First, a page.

It would not be an exaggeration to say that Agustin Garcia is a star math student.
Garcia, a senior, recently took multiple math exams, earning very high scores and almost being eligible for the national Math Olympiad team.
First, he took the Indiana Math League tests.
The Indiana Math League is just in Indiana, and Garcia received the highest score on it.
The test consists of six contests, with each containing six short-answer questions that must be solved in 30 minutes.
The questions range from algebra, geometry, trigonometry, and other pre-calculus topics.
But Garcia didn’t stop there.
There is another set of math tests, labeled the American Mathematics Competition, which is nationwide.
The AMC gives test takers 75 minutes to answer 25 questions, which also covers all types of mathematics, aside from calculus.
Garcia received a high enough score on that test to be eligible to take the American Invitational Mathematics Exam.
He was in the top 5 percent of scorers, to be exact.
For the AIME, there are only 15 questions, but test takers have three hours to finish.
They are described as being much more difficult questions that cannot be answered by simply guessing.
Plus, calculators are not allowed.
His score was high enough on the AIME that he was able to take the United States of America Mathematics Olympiad, or USAMO.
USAMO is even more tough. It’s a six-question, two-day, nine-hour test that involves proofs and essays.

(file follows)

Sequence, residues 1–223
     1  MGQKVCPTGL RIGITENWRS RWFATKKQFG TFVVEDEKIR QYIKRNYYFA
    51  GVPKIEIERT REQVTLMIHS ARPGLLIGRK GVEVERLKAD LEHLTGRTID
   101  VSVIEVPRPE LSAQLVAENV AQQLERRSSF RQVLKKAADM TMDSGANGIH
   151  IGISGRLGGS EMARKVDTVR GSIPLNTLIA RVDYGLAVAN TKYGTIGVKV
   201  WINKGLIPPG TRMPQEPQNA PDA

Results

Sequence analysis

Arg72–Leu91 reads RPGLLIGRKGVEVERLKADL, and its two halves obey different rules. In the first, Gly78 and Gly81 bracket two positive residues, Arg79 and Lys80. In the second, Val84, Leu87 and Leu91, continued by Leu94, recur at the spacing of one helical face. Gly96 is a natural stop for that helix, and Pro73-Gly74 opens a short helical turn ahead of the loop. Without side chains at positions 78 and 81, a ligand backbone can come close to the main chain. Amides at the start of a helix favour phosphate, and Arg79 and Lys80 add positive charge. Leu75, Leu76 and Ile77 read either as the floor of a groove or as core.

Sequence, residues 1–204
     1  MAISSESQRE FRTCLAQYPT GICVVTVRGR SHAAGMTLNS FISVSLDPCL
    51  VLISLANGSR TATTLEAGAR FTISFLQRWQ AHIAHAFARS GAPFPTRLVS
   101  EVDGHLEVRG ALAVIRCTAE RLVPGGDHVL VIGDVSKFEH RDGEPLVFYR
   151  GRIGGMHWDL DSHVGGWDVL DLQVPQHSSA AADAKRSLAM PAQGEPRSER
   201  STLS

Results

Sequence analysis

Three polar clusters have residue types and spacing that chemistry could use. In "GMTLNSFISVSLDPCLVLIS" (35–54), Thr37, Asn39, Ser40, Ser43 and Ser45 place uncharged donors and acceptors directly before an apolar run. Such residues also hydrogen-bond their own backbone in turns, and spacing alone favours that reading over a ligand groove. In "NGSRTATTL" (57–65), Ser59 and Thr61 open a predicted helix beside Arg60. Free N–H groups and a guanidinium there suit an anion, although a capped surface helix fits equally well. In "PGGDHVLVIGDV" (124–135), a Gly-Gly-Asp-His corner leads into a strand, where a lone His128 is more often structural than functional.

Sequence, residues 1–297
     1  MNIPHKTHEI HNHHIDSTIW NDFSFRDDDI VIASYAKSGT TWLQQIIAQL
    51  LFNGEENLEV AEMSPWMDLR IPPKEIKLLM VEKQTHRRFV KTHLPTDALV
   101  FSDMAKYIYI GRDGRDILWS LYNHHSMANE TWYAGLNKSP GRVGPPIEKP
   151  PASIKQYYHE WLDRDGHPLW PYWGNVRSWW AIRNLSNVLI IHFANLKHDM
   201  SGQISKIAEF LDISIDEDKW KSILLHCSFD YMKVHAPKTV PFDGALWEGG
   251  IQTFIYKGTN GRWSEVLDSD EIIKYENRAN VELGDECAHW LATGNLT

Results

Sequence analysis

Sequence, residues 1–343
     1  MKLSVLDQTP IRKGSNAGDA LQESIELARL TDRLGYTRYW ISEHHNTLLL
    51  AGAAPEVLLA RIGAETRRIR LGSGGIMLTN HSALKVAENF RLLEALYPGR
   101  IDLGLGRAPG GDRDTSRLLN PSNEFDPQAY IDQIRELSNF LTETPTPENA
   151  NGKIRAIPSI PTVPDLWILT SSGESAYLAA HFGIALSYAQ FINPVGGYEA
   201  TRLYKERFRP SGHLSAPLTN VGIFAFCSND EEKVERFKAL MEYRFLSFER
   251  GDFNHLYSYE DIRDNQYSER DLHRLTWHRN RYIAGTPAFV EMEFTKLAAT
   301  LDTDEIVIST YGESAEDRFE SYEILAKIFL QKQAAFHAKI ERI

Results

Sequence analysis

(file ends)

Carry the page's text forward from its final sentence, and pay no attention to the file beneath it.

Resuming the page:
The results of the test are what determines the six people for the International Mathematics Olympiad.
Garcia has been taking the AMC tests since eighth grade.
In ninth grade he was almost eligible, and finally in 11th he succeeded.
He is planning on taking the test again this year, which will be his final time.
“I studied a lot earlier on in middle school and freshman year, and then sophomore and junior year I didn’t practice too much,” Garcia said. “It’s kind of like getting older. I feel I can think better now than I could three years ago, even though I have the same knowledge it developed [more].”
Since he is multiple years ahead of the average math student, Garcia is currently doing an Independent Study in Real Analysis with Mr. Klumpe.
He describes it as another calculus class, but from a different, more rigorous perspective.
Garcia will most likely involve math and science with his future career as well.